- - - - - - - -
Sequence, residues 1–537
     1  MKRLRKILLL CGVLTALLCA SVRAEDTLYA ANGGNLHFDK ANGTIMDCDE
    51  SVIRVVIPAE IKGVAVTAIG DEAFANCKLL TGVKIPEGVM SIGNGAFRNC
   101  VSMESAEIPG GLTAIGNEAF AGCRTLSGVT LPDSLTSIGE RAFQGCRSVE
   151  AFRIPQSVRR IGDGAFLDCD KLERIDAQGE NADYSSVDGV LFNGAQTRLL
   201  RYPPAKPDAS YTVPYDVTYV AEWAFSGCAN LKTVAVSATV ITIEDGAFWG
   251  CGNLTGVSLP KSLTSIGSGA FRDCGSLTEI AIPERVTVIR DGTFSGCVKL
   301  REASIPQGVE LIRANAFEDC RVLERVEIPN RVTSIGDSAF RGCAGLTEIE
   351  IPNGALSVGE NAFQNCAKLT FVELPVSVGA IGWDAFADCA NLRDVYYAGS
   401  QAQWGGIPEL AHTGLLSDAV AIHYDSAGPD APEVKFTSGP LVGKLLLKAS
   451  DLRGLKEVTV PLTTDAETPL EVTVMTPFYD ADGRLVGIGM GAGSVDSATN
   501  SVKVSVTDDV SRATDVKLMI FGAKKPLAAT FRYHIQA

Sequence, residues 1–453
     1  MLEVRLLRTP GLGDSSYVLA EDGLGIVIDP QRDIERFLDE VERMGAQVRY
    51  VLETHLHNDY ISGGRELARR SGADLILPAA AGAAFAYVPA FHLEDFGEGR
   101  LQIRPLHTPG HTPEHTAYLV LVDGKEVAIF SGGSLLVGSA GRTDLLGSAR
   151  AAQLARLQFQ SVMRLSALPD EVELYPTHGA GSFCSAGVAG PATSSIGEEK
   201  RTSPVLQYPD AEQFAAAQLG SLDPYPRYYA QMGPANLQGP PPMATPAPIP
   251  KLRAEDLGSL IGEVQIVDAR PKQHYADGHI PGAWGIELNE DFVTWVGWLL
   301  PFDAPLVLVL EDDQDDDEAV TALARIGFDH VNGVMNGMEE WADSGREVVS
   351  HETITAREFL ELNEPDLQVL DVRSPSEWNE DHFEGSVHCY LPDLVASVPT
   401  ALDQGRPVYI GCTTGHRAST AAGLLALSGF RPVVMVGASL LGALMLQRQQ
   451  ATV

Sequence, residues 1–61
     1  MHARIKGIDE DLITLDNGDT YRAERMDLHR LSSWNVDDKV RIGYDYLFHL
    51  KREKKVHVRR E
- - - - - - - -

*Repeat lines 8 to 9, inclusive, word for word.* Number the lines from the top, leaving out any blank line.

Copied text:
   301  REASIPQGVE LIRANAFEDC RVLERVEIPN RVTSIGDSAF RGCAGLTEIE
   351  IPNGALSVGE NAFQNCAKLT FVELPVSVGA IGWDAFADCA NLRDVYYAGS